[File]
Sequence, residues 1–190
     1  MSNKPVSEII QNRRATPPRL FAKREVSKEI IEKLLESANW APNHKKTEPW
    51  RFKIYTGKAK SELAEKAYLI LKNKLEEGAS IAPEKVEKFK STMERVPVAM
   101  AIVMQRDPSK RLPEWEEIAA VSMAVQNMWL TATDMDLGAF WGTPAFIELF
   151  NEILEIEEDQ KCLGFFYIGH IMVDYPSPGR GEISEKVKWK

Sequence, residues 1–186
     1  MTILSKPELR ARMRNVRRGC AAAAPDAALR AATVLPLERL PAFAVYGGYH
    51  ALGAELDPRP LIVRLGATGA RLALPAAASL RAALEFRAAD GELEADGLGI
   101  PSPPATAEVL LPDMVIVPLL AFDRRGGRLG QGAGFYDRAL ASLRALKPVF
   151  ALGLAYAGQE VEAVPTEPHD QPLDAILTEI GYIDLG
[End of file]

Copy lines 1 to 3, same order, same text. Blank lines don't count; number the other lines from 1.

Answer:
Sequence, residues 1–190
     1  MSNKPVSEII QNRRATPPRL FAKREVSKEI IEKLLESANW APNHKKTEPW
    51  RFKIYTGKAK SELAEKAYLI LKNKLEEGAS IAPEKVEKFK STMERVPVAM